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Wednesday, December 15, 2010

The Perfect Virus principle #20: Individuality

As indicated in my post of Monday, 11/22/2010, I am extrapolating Jeff Walker's Principles for the Perfect Application into a discussion of The Perfect Virus. Since Jeff's monograph on the subject did not anticipate stealth or suicide mechanisms, any errors or lapses into stupidity are solely my additions and should not reflect poorly on what I consider to be the biggest single contribution to software application design since the invention of computers. And Jeff, thanks for giving me permission to do surgery on your baby.
THE PRINCIPLE OF INDIVIDUALITY:  The Perfect Virus provides a user dashboard (Prosumption principle #11) that lets each person create and use an optimal work environment, including a unique view of penetration and viability, to exactly meet their intellectual preferences and capabilities.


All people don't process information the same way. Some thinking styles are visual, some  attuned to text, and others to audio stimuli. I once knew an individual who would show up at meetings and not get a single thing. If you questioned him about the proceedings afterward, he would be absolutely dumfounded that certain discussions had even taken place. But if I provided him a written handout on which he could annotate his own notes, he had a perfect recollection of the meeting. Therefore each individual managing a virus function must be able to customize his (or her) dashboard to their particular thinking style. These styles might include (but are not limited to):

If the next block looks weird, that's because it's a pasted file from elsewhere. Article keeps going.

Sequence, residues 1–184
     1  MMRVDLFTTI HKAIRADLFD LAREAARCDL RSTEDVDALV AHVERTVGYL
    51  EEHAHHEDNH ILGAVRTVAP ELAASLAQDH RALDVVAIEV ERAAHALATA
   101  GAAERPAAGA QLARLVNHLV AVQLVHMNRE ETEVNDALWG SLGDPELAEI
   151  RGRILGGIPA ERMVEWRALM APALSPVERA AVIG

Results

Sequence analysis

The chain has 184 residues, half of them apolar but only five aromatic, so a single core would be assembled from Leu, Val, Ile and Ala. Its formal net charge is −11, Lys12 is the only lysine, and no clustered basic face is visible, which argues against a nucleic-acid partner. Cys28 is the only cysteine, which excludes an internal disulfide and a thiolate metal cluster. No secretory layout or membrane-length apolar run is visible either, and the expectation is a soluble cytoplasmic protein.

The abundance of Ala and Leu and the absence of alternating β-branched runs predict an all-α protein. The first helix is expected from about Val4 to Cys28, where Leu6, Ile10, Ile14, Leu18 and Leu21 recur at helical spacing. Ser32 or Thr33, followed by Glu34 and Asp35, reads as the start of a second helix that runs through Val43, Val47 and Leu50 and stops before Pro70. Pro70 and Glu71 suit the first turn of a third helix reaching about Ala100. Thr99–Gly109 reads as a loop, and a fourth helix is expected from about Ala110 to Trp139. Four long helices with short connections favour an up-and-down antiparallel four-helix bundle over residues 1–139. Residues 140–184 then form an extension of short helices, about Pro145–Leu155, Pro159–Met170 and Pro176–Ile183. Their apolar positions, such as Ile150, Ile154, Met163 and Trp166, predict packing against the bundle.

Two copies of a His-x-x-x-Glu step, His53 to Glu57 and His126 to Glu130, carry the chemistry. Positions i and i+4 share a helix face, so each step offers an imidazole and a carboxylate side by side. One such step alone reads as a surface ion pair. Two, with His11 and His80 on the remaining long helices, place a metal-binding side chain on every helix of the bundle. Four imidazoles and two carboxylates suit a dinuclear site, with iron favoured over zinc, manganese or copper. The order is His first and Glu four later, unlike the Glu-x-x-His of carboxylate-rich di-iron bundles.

1. Analog icons that change color as various levels of urgency change.
  2. Digital readouts, counters, ascending/descending timers.
  3. Critical audio alarms.
  4. William Gibson-like 3D data representations that can be rotated or zoomed.
  5. A super-user Macro to create complex scenarios using the ARRGH (Astructural Recon & Raid Generation Hyperlanguage) capability described in principle #17, Operational Sophistication.
Since individual job performance is monitored and managed from command-chain dashboards, anything that "gets by" the primary operator should flash an exception notification up the supervisory command chain. Furthermore, management could limit access to the above capabilities based on the confidence they have in the particular operator.

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Implementation suggestions for THE MORGAN DOCTRINE are most welcome. What are the "Got'chas!"? What questions would some future Cyber Privateering Czar have to answer about this in a Senate confirmation hearing?